Which leads us to the most obvious, important question here: which Amy is the best? “Noëlle Parker is the most realistic,” he says. “She is also the most likeable, but that’s partly because she stars in the movie that is based on the real Amy Fisher’s version of events. In that one Joey is this evil manipulator who convinces Amy to become a prostitute, and Amy’s father is a total creep, so you kind of feel sorry for her.” Milano is also serviceable as “stalker” Amy, as is Barrymore as “middle” Amy.

Now that his Fisher opus has finally come to fruition, Kapelovitz may focus his efforts on a similar mashup of Fisher and Buttafuoco’s respective “celebrity” sex tapes (“I’d have to show it in a theater that is equipped like the one in A Clockwork Orange,” he notes), but isn’t grasping too hard for an overarching moral to the saga. “I guess for Joey, I’d say that when a cop says, ‘I may be wrong, but I’m pretty sure they took the statutory sex laws off the books,’ he’s probably lying.” Solid advice if ever there was. — The L Magazine

“Triple Fisher” Featured in the Wall Street Journal

Punk Princes, Nordic Kings, Fisher Queens

Only seven months after 17-year-old Amy Fisher shot Mary Jo Buttafuoco in the head in Massapequa, the sordid saga of the so-called Long Island Lolita and her affair with body-shop owner Joey Buttafuoco, the victim’s husband, became a made-for-TV movie. “Amy Fisher: My Story” was broadcast by NBC on Dec. 28, 1992. It starred Noëlle Parker as the teenager and former “Hill Street Blues” star Ed Marinaro as her middle-aged lover. Six days later, ABC followed with “The Amy Fisher Story” (with Drew Barrymore in the title role), which ran in the same time slot as “Casualties of Love: The ‘Long Island Lolita’ Story” (with Alyssa Milano) on CBS. This had never happened in television history. Two decades later, filmmaker Dan Kapelovitz has created a “Rashomon”-like remix of the three movies, a subversive mash-up that, promises Videology curator Andrew Miller, “unspools like a Lifetime movie fever dream, with its labyrinth of duplicating lurid set-pieces taking on the tone of a noirish nightmare, reaching a frenzied schizo climax that would make Brian De Palma proud.” — Steve DollarWall Street Journal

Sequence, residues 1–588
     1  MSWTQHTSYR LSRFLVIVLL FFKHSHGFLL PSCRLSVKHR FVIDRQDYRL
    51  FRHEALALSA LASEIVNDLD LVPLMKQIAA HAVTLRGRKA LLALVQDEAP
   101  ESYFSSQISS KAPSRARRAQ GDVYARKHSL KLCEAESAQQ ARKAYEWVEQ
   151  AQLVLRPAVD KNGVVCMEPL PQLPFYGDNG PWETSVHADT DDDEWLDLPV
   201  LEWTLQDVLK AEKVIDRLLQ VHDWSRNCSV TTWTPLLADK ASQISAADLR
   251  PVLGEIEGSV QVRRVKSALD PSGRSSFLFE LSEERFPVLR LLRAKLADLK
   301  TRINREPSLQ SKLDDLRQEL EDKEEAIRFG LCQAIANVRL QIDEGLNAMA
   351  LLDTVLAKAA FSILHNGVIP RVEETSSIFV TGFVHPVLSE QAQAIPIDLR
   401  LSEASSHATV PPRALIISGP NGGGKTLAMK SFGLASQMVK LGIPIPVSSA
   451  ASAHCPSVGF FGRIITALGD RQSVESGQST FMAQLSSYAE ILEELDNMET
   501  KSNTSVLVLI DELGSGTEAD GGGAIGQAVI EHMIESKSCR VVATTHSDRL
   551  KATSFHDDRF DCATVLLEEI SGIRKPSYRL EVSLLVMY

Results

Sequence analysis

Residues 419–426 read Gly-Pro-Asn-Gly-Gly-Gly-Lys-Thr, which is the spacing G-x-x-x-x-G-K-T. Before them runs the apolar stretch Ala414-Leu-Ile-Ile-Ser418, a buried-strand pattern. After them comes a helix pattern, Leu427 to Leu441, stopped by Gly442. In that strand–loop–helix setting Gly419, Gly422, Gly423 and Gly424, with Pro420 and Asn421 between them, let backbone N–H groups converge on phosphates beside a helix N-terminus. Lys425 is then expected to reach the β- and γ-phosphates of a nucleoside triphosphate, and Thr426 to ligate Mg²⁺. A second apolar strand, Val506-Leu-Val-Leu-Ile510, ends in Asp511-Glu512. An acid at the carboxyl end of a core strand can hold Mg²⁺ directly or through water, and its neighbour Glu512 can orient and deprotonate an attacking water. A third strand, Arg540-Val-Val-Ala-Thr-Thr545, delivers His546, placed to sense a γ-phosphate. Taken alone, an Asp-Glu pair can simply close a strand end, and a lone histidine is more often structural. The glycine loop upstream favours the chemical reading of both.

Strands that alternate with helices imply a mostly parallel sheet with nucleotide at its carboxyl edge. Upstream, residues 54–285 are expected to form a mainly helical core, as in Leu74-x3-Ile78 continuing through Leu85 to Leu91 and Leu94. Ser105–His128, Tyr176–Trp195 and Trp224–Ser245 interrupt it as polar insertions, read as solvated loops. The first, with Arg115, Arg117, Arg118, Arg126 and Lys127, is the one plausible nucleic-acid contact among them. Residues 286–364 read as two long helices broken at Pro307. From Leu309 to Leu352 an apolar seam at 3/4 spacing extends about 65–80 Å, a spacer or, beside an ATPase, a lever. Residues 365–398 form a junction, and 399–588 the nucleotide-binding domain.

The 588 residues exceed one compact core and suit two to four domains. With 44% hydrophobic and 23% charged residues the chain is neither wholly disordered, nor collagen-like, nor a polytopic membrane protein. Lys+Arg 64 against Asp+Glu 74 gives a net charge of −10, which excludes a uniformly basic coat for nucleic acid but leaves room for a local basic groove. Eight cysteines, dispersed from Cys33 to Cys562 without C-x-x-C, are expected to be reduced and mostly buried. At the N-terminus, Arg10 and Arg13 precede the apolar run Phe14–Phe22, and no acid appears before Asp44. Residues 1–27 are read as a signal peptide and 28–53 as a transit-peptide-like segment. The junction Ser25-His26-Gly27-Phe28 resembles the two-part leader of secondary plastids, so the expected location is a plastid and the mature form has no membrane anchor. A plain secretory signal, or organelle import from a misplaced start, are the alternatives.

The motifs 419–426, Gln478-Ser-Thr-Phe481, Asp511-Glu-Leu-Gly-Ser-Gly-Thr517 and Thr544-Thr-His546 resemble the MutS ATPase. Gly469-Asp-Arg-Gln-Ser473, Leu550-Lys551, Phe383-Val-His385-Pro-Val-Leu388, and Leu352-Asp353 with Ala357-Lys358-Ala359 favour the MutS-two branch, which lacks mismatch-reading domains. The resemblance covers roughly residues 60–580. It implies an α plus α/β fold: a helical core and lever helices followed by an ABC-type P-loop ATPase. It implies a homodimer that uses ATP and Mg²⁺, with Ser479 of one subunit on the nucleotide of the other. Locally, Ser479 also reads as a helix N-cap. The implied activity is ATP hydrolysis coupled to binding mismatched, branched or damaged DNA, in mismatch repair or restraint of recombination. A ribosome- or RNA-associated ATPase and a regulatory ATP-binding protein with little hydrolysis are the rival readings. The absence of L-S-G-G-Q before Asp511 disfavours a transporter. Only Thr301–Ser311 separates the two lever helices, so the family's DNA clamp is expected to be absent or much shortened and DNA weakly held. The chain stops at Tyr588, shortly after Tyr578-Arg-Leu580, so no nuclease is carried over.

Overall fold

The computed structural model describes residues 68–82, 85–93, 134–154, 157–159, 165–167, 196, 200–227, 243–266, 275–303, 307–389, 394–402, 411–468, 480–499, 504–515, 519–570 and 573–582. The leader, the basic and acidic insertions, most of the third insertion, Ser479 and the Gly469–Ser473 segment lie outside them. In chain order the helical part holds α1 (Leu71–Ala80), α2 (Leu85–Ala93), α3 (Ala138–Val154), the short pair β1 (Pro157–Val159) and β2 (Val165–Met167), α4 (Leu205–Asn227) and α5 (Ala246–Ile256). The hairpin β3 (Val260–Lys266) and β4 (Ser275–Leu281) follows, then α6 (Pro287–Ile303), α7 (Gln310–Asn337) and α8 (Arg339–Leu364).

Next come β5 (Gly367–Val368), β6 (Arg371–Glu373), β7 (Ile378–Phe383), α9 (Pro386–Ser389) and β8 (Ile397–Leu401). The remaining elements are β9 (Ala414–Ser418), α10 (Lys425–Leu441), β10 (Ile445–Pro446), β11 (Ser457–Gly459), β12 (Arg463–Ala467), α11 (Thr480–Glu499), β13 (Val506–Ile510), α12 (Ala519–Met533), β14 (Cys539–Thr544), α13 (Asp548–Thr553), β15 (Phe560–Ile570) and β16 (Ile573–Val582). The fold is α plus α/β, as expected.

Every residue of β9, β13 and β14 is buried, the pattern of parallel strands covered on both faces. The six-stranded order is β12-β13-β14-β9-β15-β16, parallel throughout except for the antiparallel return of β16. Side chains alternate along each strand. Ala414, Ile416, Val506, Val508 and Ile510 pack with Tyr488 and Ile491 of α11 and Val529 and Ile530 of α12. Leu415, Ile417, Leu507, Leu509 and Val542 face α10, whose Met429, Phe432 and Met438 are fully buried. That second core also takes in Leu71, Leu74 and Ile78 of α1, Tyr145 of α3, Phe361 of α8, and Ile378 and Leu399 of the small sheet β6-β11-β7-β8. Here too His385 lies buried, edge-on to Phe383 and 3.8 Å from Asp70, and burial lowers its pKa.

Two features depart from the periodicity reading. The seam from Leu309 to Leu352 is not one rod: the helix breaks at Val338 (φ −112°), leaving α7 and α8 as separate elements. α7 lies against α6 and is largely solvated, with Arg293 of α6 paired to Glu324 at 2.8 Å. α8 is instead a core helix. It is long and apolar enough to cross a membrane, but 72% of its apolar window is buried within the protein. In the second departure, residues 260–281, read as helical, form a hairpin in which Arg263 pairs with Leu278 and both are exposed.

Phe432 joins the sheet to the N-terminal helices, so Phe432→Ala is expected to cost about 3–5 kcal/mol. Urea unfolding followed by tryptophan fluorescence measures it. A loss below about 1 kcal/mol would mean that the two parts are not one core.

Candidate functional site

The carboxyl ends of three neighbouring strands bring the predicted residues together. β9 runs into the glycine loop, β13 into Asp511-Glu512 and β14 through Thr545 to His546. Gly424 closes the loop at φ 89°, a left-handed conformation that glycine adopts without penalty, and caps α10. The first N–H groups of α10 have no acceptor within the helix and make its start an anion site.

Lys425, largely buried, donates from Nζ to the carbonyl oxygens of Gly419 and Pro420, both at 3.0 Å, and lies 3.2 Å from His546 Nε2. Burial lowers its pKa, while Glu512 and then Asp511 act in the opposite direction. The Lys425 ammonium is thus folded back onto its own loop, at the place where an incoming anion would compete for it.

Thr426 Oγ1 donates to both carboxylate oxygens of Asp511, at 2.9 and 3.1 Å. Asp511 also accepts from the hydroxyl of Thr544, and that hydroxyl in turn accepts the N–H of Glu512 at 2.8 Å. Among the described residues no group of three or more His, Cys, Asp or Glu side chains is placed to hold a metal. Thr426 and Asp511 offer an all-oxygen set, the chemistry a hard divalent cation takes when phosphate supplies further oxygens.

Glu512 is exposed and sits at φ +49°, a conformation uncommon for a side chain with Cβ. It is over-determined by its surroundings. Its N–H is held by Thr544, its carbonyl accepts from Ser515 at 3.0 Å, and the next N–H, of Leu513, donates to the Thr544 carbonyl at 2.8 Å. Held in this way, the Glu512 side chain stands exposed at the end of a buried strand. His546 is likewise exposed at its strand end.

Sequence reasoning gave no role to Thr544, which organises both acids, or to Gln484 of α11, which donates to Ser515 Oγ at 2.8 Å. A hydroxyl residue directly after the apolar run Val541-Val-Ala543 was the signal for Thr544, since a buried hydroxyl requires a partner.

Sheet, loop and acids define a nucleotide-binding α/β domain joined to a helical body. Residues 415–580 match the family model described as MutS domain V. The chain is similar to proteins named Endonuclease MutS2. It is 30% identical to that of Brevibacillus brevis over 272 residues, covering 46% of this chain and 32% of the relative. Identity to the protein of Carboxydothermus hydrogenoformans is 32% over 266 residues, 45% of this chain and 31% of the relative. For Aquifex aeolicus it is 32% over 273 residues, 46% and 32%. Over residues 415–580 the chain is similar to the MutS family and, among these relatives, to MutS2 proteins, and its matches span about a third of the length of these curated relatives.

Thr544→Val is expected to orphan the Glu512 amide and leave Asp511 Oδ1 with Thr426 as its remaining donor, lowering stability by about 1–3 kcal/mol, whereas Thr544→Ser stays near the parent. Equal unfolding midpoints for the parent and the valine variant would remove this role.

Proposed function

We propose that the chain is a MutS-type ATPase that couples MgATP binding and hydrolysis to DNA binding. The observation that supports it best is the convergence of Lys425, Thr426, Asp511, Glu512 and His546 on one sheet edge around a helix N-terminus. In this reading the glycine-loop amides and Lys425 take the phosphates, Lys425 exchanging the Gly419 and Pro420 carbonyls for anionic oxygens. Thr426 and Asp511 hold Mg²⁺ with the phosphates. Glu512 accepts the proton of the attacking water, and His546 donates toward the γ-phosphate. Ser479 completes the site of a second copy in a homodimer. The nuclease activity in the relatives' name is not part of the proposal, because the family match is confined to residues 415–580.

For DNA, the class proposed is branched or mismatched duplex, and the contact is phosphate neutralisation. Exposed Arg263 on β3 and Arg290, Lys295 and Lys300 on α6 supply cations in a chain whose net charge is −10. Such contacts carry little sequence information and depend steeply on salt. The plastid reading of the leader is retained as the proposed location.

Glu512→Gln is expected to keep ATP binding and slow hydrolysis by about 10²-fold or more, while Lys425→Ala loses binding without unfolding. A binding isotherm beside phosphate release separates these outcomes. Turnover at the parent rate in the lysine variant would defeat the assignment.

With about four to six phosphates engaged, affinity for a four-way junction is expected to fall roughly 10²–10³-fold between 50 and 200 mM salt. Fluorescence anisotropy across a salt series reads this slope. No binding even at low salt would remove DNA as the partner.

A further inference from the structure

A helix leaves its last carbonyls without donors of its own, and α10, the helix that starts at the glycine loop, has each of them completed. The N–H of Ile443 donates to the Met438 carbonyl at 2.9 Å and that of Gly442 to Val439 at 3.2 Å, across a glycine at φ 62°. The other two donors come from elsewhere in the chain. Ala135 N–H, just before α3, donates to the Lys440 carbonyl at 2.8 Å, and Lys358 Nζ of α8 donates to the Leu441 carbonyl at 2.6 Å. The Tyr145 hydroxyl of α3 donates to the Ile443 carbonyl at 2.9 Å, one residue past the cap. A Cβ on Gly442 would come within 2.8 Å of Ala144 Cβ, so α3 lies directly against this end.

“Quadruple Fisher” aka “Triple Fisher 3: Quadruple Fisher in 3-D” is Completed!

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Kapelovision Productions™ is proud to announce the completion of the third and final (?) installment in the Triple Fisher Trilogy: “Quadruple Fisher” aka “Triple Fisher 3: Quadruple Fisher in 3-D,” a feature-length film in which the three original Amy Fisher made-for-TV movies plus the pornographic film loosely based on the Fisher saga “Leathal [sic] Lolita” are shown simultaneously in Quadruplevision™ (as seen below).

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“Lethal Lolitas of Long Island” Long Island Tour Part 4: The Hotel



The fourth and final stop on our “Lethal Lolitas of Long Island” Long Island Tour was the hotel from which the receipts were obtained to help prove that Joey was having an affair with Amy.  We spoke to the hotel manager who was there when this all went down.  He told us that Room 56 was their favorite room. (Room 56 was occupied at the time.  The picture below is of the room next door.)


“Triptych Fisher” is finally completed

Kapelovision Productions™ is proud to announce the completion of the second installment in the Triple Fisher Trilogy: “Triptych Fisher” aka “Triple Fisher 2: Electric Boogaloo,” a feature-length film in which the three original Amy Fisher made-for-TV movies are shown simultaneously in Triptychvision™ with a 12:3 aspect ratio.  Screen Shot 2014-05-05 at 8.55.00 PMScreen Shot 2014-05-05 at 8.45.51 PMScreen Shot 2014-05-05 at 8.57.27 PMScreen Shot 2014-05-05 at 9.00.54 PMScreen Shot 2014-05-05 at 9.01.58 PMScreen Shot 2014-05-05 at 9.00.10 PMScreen Shot 2014-05-05 at 8.52.29 PMScreen Shot 2014-05-05 at 8.53.55 PMScreen Shot 2014-05-05 at 8.51.22 PM